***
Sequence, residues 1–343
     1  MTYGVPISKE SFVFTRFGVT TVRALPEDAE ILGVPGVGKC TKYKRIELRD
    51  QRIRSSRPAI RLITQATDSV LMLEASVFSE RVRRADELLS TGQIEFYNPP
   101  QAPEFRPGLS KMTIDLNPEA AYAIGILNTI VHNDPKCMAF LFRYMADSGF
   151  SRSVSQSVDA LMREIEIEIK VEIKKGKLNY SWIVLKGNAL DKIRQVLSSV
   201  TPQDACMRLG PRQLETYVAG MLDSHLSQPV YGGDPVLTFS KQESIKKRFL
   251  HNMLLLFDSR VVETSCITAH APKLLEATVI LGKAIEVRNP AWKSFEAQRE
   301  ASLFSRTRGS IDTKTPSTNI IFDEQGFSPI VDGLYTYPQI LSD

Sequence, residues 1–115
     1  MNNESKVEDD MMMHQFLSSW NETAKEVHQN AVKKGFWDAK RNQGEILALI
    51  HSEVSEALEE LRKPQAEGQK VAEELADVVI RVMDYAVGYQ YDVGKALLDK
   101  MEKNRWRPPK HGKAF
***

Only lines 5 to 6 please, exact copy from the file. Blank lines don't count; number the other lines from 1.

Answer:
   151  SRSVSQSVDA LMREIEIEIK VEIKKGKLNY SWIVLKGNAL DKIRQVLSSV
   201  TPQDACMRLG PRQLETYVAG MLDSHLSQPV YGGDPVLTFS KQESIKKRFL